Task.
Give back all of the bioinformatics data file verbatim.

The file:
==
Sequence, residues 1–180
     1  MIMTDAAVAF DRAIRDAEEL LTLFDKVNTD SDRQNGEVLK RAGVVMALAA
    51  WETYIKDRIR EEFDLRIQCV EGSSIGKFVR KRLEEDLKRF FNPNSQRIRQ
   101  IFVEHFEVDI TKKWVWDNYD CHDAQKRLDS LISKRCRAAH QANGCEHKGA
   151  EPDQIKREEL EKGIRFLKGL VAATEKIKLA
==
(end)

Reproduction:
Sequence, residues 1–180
     1  MIMTDAAVAF DRAIRDAEEL LTLFDKVNTD SDRQNGEVLK RAGVVMALAA
    51  WETYIKDRIR EEFDLRIQCV EGSSIGKFVR KRLEEDLKRF FNPNSQRIRQ
   101  IFVEHFEVDI TKKWVWDNYD CHDAQKRLDS LISKRCRAAH QANGCEHKGA
   151  EPDQIKREEL EKGIRFLKGL VAATEKIKLA